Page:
EMS Tromp Award 2016 to Barbara Templ

Award for an outstanding achievement in biometeorology

photo_barbara-templThe EMS Tromp award has recently been established and is given for the second time this year. The EMS Tromp Award 2016 winner is Barbara Templ from Eötvös Lorànd University, Hungary, nominated with the paper: Flowering phenological changes in relation to climate change in Hungary, B. Szabó, E. Vincze, B. Czúcz, 2016, published in the International Journal of Biometeorology, DOI 10.1007/s00484-015-1128-1.

The prize will be presented during the 16th EMS Annual Meeting and 11th ECAC on 13 September 2016 in Trieste, Italy. The awardee will receive $US 1,000 and travel expenses to attend the EMS Annual Meeting. The awardee will give a presentation on 12 September 2016 at the Session ASI12 Phenology and Agrometeorology.

The Tromp Foundation (Foundation for Biometeorological Research), the legacy of Solco W. Tromp, is funding this award with the intention to promote biometeorology in Europe. Biometeorology is an interdisciplinary science studying the interactions between atmospheric processes and living organisms – plants, animals and humans. It provides answers to the question How does weather and climate impact the well-being of all living beings?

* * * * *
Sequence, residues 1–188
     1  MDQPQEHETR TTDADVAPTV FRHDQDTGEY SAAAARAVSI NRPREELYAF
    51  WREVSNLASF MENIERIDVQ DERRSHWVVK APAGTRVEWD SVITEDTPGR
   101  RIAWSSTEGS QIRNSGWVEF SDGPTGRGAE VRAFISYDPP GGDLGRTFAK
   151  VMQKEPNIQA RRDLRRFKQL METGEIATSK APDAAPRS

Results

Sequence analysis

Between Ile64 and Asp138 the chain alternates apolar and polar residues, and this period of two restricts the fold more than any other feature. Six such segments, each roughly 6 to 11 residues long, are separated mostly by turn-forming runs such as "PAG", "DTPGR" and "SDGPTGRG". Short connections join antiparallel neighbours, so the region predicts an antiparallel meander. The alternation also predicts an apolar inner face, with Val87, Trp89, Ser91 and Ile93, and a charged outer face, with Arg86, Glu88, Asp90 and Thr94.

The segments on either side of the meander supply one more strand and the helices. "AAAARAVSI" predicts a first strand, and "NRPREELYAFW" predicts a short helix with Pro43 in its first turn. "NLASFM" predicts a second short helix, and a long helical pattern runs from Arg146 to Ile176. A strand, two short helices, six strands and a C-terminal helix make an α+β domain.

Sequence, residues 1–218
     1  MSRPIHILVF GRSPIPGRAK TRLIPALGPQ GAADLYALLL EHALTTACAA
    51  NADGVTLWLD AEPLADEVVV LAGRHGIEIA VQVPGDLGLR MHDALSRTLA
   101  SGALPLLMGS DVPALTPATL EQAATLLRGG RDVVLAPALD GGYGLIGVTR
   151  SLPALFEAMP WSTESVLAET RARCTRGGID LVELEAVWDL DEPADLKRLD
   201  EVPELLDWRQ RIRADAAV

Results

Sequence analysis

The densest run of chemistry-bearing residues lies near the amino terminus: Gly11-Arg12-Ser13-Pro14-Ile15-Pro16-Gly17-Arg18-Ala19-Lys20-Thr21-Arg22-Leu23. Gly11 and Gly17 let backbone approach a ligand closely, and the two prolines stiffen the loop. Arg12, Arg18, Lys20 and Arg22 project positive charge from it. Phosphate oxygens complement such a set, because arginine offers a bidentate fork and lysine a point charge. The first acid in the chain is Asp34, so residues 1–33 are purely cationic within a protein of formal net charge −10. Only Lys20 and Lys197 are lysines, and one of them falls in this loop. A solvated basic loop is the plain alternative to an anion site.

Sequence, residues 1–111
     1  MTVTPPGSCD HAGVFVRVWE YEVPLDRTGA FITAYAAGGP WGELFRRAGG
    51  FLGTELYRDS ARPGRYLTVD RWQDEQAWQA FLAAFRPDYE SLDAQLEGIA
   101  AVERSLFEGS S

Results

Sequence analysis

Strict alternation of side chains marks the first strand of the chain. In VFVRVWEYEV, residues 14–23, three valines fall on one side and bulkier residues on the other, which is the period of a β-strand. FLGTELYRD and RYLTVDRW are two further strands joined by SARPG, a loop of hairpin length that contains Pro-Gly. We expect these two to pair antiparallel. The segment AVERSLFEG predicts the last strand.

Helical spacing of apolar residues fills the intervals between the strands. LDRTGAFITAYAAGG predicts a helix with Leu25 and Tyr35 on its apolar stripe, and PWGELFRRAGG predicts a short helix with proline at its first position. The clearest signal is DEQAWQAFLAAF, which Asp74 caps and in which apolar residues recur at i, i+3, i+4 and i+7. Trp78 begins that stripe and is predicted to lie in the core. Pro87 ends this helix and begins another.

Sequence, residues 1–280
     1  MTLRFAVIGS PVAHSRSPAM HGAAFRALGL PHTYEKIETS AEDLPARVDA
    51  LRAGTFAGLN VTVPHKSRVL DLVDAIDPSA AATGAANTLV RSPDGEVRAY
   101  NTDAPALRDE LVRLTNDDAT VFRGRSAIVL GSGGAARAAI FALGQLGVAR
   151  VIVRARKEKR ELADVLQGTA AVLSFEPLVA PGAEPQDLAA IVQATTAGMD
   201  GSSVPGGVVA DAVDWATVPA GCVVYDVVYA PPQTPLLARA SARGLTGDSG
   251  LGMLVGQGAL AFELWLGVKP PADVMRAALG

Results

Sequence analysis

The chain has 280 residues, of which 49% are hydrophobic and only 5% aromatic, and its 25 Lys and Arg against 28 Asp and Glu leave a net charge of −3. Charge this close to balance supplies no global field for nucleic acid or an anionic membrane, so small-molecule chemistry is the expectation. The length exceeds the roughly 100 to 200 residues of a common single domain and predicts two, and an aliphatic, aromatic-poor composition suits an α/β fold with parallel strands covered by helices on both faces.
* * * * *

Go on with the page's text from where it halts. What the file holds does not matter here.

EMS Tromp Young Scientist Travel Awards

The Tromp Foundation also funds six EMS Tromp Young Scientist Travel Awards for papers that are presented at the EMS & ECAC specifically on topics in biometeorology. The following recipients have been selected:

Who was Solco Walle Tromp?

Solco W. Tromp was born on March 1909. He studied geology and geography at Leyden University, The Netherlands, and after he received his PhD he worked as an exploration geologist for oil companies. During World War II he became involved in de Dutch
section of MacArthur’s Headquarters. After the war, he studied physiology and meteorology; in 1947 he became a Professor of Geology at the King Saud University in Cairo, Egypt; from 1950 to 1955 he was a geological consultant at the UN Technical Assistance programme for Central America and the Middle east.

In 1955, he switched to biometeorology and founded the Biometeorological Research centre in Leyden. In the same year he founded the International Society for Biometeorology of which he was secretary until 1976. Solco Tromp combined three distinct qualities,
a highly scientific mind, a logical intellect and an excellent organisational talent. By 1953, he already achieved a substantial bibliography on topics, which we may refer to as biomedical science or medical geography. His remarkable productive energy continued to the time of his death in 1993.

As a person, Solco Tromp was very courteous, full of humour and with a great zest for life. He became the main promoter of biometeorology for many years after his geology career. After he died part of his legacy was allocated to The Tromp Foundation (Foundation for Biometeorological Research). The aim of the Foundation is to promote Biometeorology.


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